Babcock is the key industry partner for in-service support and is contracted to support 3 types of submarines, as well as nuclear refuelling, defuelling and dismantling of the fleet. Also responsible for the three naval dockyards at Devonport, Rosyth and the Clyde, they are tasked with maintaining existing infrastructure and planning upgrades to facilities to accommodate the Dreadnoughts and Astutes. Work has now started in Devonport to rebuild Number 10 dry dock to accommodate submarine refits (See previous article).
4D Building Information Modelling (4D BIM) using intelligent linking of a 3D digital model with projected workflows is being used to explore the further developments that will be needed at Number 9 dock to support future submarine refit and dismantling work. Improvements to stores, workshops and staff areas are being planned, in order to retain the workforce investment in modern welfare facilities has increasing importance. One of the First Sea Lord’s top priorities is the smooth transition from the Vanguard to the Dreadnought-class boats which will begin in the early 2030s but planning and development of infrastructure, training and through-life support for the new boats is already well underway.
The Vanguard debacle
HMS Vanguard arrived in December 2015 for her second Long Overhaul Period and Refuel (LOP(R)) expected to take about 3 and a half years and cost £200 million. Her three younger sisters, HMS Victorious, Vigilant and Vengeance had already completed their first LOP(R) at Devonport which averaged about 42 months. Vanguard is unique in having an unplanned second reactor refuelling as a precautionary measure. Six and a half years after work began, Vanguard has still not emerged from dry dock and as a non-fixed-price contract, cost to the MoD is thought to have ballooned to over £500 million.
A senior stakeholder recently admitted: “Vanguard is a textbook example of how not to set up a major project. Among other things, we changed the scope of the project, did not invest in the workforce and did not invest in the infrastructure.” Undoubtedly as the work progressed, more and more issues were uncovered and the schedule derailed, compounded by COVID and a reactor not intended to be refuelled twice. Nevertheless, someone dropped the ball in the initial planning stages. In recent times, the SDA has made a major effort to grip the project and HMS Vanguard is expected back in the fleet in the coming months, with a DASO already pencilled in. (Demonstration and Shakedown Operation – test-firing a Trident missile off the US coast).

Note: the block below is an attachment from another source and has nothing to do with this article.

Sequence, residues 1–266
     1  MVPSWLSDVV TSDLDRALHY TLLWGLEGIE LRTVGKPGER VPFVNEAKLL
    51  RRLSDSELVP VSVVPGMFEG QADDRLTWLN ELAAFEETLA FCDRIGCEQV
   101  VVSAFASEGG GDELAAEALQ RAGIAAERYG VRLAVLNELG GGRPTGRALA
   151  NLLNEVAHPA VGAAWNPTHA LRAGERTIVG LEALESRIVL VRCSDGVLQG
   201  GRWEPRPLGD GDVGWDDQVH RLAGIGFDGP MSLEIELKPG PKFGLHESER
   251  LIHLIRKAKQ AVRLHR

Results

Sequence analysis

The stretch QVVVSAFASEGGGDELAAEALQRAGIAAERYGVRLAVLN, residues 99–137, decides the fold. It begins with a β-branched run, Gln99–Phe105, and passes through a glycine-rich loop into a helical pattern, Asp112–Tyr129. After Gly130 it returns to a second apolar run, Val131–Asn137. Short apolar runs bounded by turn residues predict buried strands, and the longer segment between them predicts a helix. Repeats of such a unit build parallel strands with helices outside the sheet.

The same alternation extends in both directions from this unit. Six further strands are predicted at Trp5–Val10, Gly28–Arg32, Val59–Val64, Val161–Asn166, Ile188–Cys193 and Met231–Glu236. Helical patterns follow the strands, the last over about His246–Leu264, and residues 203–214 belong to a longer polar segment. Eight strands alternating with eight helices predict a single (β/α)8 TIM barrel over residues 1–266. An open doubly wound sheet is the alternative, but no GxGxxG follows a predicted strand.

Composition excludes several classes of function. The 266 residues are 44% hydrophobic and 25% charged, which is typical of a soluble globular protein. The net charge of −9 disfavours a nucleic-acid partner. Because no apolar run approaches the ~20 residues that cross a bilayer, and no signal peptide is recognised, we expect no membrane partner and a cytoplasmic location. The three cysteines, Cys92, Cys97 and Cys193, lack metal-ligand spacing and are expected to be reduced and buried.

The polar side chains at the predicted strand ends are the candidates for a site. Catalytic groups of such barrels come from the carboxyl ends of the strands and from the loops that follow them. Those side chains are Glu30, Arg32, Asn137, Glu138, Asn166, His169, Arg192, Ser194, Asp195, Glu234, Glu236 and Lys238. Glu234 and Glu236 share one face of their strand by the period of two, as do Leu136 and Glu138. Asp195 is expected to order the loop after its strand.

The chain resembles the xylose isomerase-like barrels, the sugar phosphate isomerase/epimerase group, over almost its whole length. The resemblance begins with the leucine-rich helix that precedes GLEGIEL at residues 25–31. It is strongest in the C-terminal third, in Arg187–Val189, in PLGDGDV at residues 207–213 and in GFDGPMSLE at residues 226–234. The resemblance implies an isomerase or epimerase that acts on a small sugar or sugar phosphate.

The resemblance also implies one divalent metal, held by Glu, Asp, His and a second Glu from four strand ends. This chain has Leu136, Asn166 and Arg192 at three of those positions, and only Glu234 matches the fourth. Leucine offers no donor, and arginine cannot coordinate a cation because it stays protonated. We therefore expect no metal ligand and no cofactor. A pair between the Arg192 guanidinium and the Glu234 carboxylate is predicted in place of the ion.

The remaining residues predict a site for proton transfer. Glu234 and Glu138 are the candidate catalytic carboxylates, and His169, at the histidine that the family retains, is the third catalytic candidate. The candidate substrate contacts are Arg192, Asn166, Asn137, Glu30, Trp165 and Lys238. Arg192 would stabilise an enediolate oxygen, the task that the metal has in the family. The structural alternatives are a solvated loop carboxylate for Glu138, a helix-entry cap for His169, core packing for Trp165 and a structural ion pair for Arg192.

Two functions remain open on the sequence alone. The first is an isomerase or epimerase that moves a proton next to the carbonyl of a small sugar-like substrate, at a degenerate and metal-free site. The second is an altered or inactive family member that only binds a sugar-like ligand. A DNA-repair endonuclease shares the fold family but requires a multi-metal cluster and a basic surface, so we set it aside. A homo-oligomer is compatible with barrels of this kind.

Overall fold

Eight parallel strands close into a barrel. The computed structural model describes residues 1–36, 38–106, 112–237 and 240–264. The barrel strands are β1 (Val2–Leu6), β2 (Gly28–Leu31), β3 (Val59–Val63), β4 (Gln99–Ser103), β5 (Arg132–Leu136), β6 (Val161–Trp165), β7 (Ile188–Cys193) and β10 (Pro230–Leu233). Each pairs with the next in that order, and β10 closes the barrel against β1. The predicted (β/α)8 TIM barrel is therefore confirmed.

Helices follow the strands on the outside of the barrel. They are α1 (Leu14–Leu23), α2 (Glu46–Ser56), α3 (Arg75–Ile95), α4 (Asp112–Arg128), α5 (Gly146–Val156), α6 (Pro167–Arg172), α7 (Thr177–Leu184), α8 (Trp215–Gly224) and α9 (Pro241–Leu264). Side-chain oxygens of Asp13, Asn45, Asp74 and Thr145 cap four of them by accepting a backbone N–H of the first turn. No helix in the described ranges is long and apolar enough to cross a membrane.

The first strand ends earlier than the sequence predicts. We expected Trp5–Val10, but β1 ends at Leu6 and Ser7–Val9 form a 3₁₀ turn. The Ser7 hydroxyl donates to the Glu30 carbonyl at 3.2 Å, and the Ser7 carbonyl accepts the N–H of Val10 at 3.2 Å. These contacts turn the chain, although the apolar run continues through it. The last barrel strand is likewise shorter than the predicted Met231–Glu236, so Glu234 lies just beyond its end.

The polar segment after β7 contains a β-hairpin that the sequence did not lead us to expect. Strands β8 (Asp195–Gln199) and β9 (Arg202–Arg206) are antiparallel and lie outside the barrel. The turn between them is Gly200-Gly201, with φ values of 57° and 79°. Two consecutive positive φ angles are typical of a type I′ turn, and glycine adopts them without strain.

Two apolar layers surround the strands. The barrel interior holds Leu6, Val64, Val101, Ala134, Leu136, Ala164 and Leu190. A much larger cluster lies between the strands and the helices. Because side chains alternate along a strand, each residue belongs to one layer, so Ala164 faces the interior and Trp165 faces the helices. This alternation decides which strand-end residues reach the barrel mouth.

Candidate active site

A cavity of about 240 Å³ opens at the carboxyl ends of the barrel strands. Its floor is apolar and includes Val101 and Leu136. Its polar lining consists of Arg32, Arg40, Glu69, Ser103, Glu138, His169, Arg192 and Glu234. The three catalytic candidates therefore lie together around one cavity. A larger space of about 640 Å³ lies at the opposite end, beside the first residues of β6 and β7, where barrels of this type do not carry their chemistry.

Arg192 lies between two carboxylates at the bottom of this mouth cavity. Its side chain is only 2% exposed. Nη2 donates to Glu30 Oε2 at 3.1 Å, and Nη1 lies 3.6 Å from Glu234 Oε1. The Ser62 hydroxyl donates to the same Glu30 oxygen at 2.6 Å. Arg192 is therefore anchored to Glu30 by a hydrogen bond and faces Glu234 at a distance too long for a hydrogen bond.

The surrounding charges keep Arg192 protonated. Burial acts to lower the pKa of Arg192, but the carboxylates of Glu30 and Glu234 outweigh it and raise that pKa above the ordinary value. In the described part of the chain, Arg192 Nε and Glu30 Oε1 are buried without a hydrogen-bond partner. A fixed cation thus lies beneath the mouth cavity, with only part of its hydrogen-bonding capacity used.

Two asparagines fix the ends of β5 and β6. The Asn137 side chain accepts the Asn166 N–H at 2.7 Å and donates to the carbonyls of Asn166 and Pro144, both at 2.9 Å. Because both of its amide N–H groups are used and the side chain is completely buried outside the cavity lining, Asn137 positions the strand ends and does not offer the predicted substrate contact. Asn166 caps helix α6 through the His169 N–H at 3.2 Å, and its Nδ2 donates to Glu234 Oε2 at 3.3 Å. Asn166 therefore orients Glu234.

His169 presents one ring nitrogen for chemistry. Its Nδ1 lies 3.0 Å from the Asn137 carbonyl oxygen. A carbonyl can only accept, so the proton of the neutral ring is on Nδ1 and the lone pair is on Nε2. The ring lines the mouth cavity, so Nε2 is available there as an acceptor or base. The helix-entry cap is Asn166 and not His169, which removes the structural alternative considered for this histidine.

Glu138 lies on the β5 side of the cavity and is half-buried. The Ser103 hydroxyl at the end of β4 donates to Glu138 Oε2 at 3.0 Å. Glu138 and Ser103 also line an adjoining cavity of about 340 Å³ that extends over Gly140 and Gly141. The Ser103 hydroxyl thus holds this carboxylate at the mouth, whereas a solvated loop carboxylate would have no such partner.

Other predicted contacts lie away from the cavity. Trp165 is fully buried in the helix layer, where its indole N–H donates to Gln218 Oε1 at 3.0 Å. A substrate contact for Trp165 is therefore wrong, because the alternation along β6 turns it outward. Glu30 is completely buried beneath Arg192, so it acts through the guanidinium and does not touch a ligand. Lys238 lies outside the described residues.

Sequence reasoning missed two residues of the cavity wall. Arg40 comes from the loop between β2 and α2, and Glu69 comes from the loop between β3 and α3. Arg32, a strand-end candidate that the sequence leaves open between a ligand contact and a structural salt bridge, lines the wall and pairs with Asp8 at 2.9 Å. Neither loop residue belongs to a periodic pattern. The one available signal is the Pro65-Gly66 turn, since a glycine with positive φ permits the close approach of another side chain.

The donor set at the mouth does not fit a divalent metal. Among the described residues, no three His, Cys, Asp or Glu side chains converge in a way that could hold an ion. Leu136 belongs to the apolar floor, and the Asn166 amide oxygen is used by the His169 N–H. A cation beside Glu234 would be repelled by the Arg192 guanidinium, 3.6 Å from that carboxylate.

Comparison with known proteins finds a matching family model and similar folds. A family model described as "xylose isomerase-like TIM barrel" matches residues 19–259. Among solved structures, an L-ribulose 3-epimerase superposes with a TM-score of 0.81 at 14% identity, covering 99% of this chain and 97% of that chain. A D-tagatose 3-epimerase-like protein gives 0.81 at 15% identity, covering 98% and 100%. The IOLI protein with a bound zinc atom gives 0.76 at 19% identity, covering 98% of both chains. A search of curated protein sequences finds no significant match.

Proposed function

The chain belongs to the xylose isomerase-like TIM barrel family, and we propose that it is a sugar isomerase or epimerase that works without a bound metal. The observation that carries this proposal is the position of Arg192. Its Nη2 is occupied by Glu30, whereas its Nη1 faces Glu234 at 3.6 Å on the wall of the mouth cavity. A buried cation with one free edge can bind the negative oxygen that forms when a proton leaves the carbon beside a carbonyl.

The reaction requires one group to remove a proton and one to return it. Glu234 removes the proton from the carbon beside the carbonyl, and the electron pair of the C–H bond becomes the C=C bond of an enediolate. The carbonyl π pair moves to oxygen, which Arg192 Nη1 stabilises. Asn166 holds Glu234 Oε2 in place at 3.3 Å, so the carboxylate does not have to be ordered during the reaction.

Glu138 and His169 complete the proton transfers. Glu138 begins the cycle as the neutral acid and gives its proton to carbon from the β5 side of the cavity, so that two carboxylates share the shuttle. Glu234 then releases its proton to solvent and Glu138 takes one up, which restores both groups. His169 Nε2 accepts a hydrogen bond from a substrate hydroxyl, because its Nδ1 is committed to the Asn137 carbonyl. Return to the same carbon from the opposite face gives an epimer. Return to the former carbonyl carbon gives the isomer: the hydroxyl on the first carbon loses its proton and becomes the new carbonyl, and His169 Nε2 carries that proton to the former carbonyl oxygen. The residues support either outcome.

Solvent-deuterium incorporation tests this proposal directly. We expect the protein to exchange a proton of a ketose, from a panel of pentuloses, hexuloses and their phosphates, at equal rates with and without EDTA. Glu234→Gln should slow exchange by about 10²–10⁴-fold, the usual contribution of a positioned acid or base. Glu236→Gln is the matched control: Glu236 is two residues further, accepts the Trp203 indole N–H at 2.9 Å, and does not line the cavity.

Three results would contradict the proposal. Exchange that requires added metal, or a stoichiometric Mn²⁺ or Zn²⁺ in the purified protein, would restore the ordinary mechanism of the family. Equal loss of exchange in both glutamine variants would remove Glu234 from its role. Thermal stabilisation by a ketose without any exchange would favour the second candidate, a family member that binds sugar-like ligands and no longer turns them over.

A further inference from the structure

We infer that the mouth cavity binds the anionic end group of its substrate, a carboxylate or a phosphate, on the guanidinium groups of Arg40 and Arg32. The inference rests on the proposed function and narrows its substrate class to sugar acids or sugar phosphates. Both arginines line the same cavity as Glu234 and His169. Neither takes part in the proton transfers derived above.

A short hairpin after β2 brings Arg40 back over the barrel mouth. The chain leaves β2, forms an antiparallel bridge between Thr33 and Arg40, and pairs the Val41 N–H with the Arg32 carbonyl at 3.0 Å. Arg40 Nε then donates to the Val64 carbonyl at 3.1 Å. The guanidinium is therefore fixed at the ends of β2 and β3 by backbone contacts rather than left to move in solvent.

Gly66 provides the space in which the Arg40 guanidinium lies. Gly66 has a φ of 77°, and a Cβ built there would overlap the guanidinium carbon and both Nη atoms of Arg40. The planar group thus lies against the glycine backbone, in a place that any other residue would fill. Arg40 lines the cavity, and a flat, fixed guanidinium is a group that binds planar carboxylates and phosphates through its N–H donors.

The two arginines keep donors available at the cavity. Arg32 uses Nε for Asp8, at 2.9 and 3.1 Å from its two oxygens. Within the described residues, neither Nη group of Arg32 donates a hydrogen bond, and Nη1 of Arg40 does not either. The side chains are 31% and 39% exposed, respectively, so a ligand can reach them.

The problems with Vanguard have had knock-on effects for the rest of the force, adding further pressures to the operating cycle for the remaining boats as HMS Victorious awaits a refit that should have begun 3 years ago. In some cases, 3-month deterrent patrols have been stretched to 5 months due to lack of a boat ready to replace the returning submarine. The consequences of this must be boats operating for extended periods, planned maintenance heavily disrupted and inevitable damage to submariner morale and retention. Engineers at sea and support staff at Faslane must be performing miracles.
Delay has also been added to the submarine dismantling project at Devonport while people were diverted to work on Vanguard. Fortunately Victorious and her two sisters will not require refuelling and the new management practices should see them spend less time in dry dock. Overall the SSBNs are now entering a period of growing support challenges and risk as they serve beyond their 30th birthdays. Focus on delivery of the replacement Dreadnoughts is said to be “top priority”, although the MoD does not yet have the confidence to commit to an in-service date for the first boat more specific than “the early 2030s”. Despite HMS Triumph’s final refit at Devonport also over-running, for the SSNs, the outlook is more positive. By the late 2020s, there will be seven modern boats in service and the issues that have plagued their early years should have been surmounted, together with the fruits of Project Resolution, much higher availability can be expected.
It should be remembered that while the obvious failures tend to attract publicity, across the submarine enterprise as a whole and on the frontline there are many dedicated and skilled individuals working very hard. The nature of the work and the operational environment means their many technical achievements and successes at sea in protecting the nation are mostly hidden from public view.